Henrik Sommerfeld

Yale Doorman L3 with Home Assistant through Bluetooth Proxy

I’ll describe how I use Bluetooth proxy to control my Yale Doorman L3 lock through Home Assistant.


I bought the Yale Doorman L3 lock for my front door in a kit that included the Yale Connect Wi-Fi Bridge. That should enable remote access to the lock, which you may or may not want, but without it it’s not available for automations and only accessible from your phone when you stand in front of the lock (shortest imaginable Bluetooth range).

The Connect Wi-Fi Bridge is possible to get working, but it’s a fundamentally broken product. I’ve had two (in the previous house as well) and none of them have worked reliably (and forums are full of people with the same issue). To add insult to injury, I receive an email from Yale when the lock has been offline for a while, blaming my Wi-Fi. Remember, if your product is bad, it’s always the customer’s fault.

Yale Wi-Fi Bridge very close to font door

No matter how close the bridge is to the door, the BLE signal is weak.

Bad BLE signal and good WiFi signal

WiFi SNR: Excellent. Wi-Fi signal: Good. BLE signal: Bad

So, it’s nothing wrong with the Bluethooth capabilities in the lock itself, it’s just that the Connect Wi-Fi Bridge is a faulty product. By connecting the lock itself directly to Home Assistant, I’m not limited by the Connect Wi-Fi Bridge or a Yale cloud service. Here is the setup with the Connect Wi-Fi Bridge:

Yale Doorman L3lock 🔒Home Assistant withYale/AugustintegrationYale Connect WiFiBridgeMy House 🏠Bluetooth (BLE)WiFiRouterEthernetInternetEthernet

Home Assistant Bluethooth Proxy and ESPHome to the Rescue

By using Home Assistant Bluetooth Proxy I don’t have to place the Home Assistant machine (I use a Raspberry Pi) right by the front door. Home Assistant can speak to the lock through the proxy instead of the Connect Wi-Fi Bridge and without hitting the public Internet.

Yale Doorman L3lock 🔒Home Assistant withYale Access BluetoothintegrationBluetooth ProxyMy House 🏠Bluetooth (BLE)WiFiRouterEthernet


The steps I took to got this set up (I already had a Home Assistant instance running).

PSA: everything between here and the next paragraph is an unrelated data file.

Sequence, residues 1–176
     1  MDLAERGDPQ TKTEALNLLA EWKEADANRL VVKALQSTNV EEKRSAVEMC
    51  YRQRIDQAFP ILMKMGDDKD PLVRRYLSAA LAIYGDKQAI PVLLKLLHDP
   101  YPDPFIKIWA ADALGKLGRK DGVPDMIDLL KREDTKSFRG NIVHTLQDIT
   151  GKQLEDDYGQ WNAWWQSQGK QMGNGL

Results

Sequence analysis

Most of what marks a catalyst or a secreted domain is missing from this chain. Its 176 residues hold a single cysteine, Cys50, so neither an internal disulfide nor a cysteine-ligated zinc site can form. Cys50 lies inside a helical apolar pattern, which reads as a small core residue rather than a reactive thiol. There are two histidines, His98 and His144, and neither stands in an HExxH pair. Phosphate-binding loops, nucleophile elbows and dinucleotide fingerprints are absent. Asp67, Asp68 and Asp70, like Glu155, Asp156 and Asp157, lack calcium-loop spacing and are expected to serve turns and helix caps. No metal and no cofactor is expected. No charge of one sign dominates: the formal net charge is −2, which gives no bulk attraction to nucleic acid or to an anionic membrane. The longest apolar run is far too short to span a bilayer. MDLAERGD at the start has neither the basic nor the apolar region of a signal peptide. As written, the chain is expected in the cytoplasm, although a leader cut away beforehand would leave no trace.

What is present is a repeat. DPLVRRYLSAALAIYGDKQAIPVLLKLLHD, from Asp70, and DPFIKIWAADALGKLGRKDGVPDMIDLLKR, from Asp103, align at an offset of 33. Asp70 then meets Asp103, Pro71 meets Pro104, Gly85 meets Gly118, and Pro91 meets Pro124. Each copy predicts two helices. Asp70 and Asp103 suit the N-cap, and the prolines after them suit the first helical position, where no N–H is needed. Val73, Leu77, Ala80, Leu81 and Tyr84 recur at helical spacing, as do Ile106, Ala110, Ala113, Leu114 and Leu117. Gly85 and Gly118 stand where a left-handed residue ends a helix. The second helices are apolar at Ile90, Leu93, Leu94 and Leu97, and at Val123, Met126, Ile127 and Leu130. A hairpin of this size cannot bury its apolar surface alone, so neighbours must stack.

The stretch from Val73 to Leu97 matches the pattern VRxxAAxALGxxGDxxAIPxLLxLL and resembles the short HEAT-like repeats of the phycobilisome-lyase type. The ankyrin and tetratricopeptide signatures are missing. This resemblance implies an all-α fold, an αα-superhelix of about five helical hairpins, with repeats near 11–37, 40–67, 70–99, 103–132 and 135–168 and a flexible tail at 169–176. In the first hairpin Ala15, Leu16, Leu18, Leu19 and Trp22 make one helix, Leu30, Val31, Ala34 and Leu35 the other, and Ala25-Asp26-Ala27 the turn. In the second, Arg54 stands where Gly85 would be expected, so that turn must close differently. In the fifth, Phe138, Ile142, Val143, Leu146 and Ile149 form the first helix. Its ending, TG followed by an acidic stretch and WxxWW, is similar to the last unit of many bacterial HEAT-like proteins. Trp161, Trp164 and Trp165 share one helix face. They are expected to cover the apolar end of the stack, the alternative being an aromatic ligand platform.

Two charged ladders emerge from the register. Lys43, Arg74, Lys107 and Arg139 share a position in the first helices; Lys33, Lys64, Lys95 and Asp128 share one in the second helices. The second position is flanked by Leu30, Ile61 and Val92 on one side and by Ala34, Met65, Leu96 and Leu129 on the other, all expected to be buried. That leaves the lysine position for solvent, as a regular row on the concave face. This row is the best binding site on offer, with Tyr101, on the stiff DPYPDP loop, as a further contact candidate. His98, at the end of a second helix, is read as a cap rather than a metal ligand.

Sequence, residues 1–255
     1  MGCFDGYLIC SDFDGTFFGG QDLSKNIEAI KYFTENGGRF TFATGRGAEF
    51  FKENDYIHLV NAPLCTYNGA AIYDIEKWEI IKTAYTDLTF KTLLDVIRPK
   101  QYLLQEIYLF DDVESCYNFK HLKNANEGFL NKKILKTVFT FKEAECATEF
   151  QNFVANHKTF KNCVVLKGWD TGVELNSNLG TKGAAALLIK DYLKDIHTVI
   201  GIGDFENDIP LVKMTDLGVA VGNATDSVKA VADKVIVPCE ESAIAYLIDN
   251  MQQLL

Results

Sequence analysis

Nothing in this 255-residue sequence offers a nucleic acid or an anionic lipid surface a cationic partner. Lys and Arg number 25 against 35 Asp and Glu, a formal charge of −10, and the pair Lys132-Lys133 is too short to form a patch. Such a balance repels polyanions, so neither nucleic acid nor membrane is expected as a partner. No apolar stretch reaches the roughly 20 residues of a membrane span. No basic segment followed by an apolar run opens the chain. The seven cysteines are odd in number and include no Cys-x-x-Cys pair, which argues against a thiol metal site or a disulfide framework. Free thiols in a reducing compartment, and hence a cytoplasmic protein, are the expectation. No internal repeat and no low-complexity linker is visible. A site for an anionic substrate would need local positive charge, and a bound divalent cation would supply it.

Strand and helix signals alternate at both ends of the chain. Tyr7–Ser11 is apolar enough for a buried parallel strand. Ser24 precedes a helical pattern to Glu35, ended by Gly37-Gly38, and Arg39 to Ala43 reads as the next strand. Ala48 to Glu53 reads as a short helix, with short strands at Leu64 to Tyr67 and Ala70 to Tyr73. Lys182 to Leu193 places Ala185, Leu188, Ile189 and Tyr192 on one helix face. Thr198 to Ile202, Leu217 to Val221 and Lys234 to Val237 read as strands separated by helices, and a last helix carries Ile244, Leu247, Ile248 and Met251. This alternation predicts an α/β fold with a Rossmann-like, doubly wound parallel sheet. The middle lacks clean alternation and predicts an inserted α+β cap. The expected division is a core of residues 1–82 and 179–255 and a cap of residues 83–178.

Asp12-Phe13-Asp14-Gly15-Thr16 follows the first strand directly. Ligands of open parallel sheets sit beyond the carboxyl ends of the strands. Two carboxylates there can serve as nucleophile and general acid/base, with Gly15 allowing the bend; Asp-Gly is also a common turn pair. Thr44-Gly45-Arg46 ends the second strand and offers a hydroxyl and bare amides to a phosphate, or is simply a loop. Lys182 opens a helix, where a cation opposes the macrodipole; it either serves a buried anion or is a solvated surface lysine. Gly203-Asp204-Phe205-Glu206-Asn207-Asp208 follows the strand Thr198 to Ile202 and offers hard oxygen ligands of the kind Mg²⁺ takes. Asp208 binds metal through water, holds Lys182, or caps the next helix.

Get the Bluetooth Proxy going

First I bouth a NodeMCU that speaks WiFi and Bluetooth and flashed it with the right firmware using the option Generic ESP32 at the ESPHome Bluetooth Proxies web site using the Chromium web browser. Not all Chromium based browsers work, you should see a Connect button. When asked to join a Wi-Fi network, I used my IoT Wi-Fi. I then added it to Home Assistant from the option in the dialogue following the firmware flash.

After that I chose the option to add the ESP32 device to Home Assistant and got this trick question about a Host. What I found working was to enter the IP address the ESP32 device has on my local network. I set a fixed address for the device in my router.

Install and Configure Home Assistant Integrations

  1. Install the August integration in Home Assistant to get the Offline Key required by the Yale Access Bluetooth integration. The August integration specifically lists the Yale Doorman L3 lock as incompatible, but it worked for me to get the Offline Key by simply signing in to my Yale account using e-mail.
  2. Install the Yale Access Bluetooth integration, which should then recognise your Offline Key and the Yale lock itself.
  3. Now it’s just a matter of adding the lock to a dashboard and start building some neat automations. So far I use it to send a notification if I have any door or window open in the house when I lock the door, a good thing when you’re leaving the house.

Final Note

Now you can give the Yale Connect Wi-Fi Bridge the Office Space printer scene treatment it deserves.

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